The key question for the business world is whether cyberattacks targeting specific countries or organizations will become more of a global threat. And the challenge for those charged with defending countries or organizations against cyberterrorism is that the enemy is usually invisible and often unknown. They may not even be particularly technologically adept. According to Beer, launching a cyberattack does not necessarily require the specialist skill set of a hacker, as the required tools or software can easily be rented or bought on the Internet. “I don’t want to paint a picture of doom and gloom,” says Beer, “as we have not seen the full force of organized criminals or cyberterrorists. However, most people and organizations have not recognized the dangers or taken the right level of precaution, so the level of awareness is not what it should be.”

One group, however, is listening. Last October as part of its national security review, the UK’s coalition government highlighted the increasing threat posed by cyberattacks and said it would be prepared to spend between £500 million and £650 million ($790 million to $1 billion) to beef up cybersecurity. Blackwell of Detica welcomed the UK government’s recognition of the growing cybersecurity threat. “It is saying this is a genuine threat—it isn’t science fiction or fantasy—so it will hopefully catalyze the market to take action and push security up the agenda.” While traditional IT security, such as firewalls and intrusion detection systems, may deal with 80% of the problem, Blackwell says the key is to address the other 20%—the more sophisticated and targeted attacks.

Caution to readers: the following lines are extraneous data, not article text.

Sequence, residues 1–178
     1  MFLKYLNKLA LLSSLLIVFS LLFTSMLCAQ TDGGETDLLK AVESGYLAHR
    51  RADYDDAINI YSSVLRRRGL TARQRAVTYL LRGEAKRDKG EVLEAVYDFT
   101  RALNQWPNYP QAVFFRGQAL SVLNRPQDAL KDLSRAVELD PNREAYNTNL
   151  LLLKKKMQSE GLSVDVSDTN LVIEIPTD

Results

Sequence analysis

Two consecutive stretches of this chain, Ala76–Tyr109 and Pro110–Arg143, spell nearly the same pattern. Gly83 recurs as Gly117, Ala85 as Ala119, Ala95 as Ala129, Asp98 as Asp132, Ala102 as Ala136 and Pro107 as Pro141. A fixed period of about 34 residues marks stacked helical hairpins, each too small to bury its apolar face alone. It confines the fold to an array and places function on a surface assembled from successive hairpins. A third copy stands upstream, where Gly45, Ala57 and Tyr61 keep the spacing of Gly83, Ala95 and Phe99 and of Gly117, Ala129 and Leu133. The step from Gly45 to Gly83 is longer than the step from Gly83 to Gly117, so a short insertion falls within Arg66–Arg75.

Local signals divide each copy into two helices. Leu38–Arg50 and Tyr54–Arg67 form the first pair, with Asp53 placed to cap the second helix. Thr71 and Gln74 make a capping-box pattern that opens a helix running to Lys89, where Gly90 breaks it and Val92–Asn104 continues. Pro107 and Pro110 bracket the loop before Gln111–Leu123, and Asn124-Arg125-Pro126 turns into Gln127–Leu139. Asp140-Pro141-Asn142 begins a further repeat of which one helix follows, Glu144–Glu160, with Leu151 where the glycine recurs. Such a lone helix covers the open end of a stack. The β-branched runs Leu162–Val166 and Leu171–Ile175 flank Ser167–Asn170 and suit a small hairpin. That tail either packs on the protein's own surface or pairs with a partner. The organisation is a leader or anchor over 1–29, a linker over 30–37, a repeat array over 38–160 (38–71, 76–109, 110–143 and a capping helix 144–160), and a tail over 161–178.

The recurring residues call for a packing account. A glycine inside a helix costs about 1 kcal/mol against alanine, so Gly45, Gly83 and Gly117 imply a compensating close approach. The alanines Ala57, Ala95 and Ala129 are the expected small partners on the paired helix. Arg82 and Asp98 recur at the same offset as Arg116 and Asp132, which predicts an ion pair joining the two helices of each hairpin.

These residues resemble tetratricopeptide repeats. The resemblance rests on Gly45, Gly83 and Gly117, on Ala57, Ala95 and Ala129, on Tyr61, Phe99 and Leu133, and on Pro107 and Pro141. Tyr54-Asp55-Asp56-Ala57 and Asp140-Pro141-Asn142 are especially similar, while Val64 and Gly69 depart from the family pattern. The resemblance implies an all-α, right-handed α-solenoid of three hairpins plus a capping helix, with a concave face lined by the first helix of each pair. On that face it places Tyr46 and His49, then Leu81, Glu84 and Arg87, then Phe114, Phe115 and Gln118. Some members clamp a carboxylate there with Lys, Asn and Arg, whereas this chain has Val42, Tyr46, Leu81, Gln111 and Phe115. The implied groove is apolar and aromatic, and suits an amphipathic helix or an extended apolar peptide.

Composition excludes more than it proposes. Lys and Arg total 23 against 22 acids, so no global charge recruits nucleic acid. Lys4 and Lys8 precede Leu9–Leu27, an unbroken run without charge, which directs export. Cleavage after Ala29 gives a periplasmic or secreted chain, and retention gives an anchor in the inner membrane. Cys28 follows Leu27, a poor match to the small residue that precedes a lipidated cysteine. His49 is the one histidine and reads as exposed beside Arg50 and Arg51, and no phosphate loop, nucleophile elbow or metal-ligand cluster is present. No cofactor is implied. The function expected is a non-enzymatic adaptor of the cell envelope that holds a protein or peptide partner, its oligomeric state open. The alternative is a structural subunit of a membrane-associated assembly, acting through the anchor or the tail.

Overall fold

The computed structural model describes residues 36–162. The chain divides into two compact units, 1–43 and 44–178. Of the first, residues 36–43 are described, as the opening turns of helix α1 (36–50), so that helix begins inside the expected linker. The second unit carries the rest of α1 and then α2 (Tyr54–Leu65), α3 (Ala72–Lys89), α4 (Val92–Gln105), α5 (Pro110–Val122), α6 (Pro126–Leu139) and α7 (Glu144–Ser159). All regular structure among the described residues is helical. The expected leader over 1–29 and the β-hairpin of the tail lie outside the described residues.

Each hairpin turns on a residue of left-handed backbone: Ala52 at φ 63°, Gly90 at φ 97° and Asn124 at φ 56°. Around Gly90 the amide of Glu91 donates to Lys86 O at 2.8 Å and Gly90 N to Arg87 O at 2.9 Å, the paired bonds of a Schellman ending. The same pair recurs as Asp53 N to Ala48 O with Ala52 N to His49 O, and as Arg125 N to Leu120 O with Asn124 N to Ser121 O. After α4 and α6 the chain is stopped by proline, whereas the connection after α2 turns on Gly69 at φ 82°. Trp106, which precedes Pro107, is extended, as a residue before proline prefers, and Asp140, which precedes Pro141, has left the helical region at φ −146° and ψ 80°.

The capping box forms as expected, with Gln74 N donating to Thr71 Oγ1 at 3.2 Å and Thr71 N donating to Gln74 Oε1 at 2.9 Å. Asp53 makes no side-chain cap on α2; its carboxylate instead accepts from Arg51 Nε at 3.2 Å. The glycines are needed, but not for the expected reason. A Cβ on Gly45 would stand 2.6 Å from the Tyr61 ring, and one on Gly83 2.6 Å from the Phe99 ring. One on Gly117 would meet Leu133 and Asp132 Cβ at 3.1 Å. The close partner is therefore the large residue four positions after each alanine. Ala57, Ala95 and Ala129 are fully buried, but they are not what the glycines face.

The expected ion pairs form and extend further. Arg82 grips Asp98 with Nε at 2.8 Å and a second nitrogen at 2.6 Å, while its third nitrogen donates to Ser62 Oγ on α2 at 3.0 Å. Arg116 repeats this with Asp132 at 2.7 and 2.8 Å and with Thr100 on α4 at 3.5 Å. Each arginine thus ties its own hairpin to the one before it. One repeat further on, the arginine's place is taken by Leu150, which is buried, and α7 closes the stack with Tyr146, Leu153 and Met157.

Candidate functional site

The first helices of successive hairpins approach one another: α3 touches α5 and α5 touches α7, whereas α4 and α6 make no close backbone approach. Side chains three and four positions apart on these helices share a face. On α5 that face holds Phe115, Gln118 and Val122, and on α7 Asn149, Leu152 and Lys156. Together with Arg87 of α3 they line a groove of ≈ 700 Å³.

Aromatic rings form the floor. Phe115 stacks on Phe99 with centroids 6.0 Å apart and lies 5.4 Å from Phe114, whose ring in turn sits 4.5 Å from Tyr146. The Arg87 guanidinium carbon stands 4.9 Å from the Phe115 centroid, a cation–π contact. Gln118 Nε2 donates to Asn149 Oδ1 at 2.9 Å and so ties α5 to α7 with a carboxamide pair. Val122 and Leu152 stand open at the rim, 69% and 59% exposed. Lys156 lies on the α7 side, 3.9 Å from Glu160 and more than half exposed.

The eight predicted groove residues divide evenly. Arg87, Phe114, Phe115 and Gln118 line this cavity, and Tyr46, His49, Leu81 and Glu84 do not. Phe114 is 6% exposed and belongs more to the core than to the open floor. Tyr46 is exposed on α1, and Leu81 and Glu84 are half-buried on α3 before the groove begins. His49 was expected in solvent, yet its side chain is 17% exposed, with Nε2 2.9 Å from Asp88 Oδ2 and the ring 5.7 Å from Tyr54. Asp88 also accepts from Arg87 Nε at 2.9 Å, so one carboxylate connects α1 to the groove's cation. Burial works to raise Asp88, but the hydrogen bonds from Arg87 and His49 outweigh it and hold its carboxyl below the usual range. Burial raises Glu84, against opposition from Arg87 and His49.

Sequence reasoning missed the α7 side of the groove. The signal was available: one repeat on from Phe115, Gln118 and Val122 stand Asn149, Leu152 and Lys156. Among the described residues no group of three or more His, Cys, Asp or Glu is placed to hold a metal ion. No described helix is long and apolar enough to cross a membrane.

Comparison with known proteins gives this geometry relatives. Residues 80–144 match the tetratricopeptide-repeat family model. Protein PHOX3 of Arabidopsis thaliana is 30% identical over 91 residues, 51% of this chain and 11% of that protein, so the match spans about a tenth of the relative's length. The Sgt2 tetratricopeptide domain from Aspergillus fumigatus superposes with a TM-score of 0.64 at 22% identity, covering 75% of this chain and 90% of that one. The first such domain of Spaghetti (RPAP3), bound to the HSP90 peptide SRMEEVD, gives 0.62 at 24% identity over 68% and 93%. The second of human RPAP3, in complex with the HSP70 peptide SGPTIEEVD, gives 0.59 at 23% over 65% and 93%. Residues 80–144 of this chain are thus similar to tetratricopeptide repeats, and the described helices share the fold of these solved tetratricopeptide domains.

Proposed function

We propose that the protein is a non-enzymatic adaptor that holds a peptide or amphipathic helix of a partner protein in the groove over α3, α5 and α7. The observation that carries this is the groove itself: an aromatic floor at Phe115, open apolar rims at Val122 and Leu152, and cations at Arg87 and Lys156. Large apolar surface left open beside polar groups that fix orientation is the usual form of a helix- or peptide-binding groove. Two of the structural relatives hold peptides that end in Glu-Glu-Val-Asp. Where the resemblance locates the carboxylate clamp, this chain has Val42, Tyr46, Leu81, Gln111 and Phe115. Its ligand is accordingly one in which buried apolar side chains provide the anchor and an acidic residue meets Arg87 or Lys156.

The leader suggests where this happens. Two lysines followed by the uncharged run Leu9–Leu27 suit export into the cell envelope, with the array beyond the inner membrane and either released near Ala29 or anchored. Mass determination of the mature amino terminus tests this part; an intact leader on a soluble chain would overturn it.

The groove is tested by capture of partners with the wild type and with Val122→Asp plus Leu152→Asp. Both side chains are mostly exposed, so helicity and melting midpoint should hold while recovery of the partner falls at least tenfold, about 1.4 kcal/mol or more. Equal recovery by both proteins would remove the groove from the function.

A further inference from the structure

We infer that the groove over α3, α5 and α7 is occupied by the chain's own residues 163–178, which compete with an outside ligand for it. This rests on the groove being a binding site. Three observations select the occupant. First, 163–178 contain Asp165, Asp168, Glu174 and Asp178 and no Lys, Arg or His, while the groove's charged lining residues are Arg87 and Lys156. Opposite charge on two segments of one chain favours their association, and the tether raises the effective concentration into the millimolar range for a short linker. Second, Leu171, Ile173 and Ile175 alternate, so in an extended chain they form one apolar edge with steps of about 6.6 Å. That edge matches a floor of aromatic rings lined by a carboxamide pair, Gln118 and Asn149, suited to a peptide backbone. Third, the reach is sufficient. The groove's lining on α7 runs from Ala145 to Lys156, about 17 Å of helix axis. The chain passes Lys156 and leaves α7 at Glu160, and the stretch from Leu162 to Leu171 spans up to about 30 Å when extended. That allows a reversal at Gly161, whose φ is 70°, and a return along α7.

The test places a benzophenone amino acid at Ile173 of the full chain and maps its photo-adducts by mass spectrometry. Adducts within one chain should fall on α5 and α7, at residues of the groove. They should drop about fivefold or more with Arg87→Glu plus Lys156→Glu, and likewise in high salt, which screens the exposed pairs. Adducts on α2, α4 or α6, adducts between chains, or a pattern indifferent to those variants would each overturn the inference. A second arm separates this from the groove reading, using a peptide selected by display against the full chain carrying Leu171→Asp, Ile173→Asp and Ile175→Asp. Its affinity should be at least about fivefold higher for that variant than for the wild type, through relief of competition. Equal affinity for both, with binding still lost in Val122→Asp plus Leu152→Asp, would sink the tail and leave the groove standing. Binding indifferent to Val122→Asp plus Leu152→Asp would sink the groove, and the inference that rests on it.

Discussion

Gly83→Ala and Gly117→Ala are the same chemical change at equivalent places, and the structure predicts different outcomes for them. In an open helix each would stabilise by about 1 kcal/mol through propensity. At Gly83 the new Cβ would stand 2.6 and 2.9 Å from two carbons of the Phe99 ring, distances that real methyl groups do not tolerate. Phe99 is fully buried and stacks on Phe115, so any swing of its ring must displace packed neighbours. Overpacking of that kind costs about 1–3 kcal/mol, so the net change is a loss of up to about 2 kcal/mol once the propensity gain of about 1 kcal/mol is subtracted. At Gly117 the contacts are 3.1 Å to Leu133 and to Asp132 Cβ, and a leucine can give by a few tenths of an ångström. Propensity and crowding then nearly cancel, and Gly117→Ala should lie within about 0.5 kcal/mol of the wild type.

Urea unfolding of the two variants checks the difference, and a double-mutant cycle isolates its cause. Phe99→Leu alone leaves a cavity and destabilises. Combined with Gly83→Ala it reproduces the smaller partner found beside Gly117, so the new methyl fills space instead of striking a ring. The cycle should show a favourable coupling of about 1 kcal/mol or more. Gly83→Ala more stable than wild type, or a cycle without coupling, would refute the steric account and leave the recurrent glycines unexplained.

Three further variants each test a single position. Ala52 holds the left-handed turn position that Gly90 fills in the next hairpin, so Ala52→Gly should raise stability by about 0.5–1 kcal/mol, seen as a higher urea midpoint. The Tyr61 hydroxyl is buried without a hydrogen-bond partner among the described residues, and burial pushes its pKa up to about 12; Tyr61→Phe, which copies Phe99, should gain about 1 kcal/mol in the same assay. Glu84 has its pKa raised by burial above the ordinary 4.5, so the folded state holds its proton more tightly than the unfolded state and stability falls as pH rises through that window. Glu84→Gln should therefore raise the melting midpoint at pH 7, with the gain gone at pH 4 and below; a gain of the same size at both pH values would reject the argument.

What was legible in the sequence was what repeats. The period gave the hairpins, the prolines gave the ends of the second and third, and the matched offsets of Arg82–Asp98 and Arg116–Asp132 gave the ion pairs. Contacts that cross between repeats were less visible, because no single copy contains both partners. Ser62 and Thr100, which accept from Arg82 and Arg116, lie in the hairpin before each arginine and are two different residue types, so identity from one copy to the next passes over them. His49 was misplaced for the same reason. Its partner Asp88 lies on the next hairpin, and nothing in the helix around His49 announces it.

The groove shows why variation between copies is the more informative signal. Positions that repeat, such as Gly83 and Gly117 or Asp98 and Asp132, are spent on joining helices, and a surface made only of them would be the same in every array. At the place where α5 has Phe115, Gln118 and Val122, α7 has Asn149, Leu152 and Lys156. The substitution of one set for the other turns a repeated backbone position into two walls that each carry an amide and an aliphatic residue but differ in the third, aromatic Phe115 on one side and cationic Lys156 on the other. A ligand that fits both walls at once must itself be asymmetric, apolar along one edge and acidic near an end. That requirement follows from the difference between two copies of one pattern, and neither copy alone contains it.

Deloitte’s Reagan says the understanding of the true nature of the cyberthreat varies widely from region to region. “A lot of countries look to the US to lead this. They have the largest global presence, and their networks tend to get hit first,” he says. Awareness of the cybersecurity threat is increasing in Europe, he adds, but it is patchier in regions such as Southeast Asia. And while security managers of critical infrastructures, such as power utilities and water companies, may be “thinking the unthinkable” in terms of contingency planning, in the US at least, Reagan says, 85% to 95% of critical infrastructure is owned by private companies. “The challenge is, how do you get government and private companies to work together more effectively to address the problems?”

At the government level, the US, EU and NATO have announced plans to collectively combat cybercrime. Simulated exercises have already taken place to prepare pan-European critical infrastructures for a potential cyberattack. The first Worldwide Cybersecurity Summit, organized by US think tank the EastWest Institute, was held in Dallas last May, with speakers focusing on “international coordination,” private-public partnerships and education.

Reagan says if national governments are to act in a truly coordinated fashion, they need to include known political adversaries in the discussion. “They want to see these people at the table, and they see it as important to help address the problem on a global basis,” he explains. Ironically, perhaps, developing countries may have the edge over the West when it comes to fighting cyberterrorism. Reagan says countries such as South Korea and China have wired security into their IT network infrastructure, whereas organizations in the West are bolting it on afterward to legacy systems. If they get it right, Reagan says, developing countries may be less vulnerable.

In a world where cyberattacks are becoming more common, though, “less vulnerable” is very much a relative term.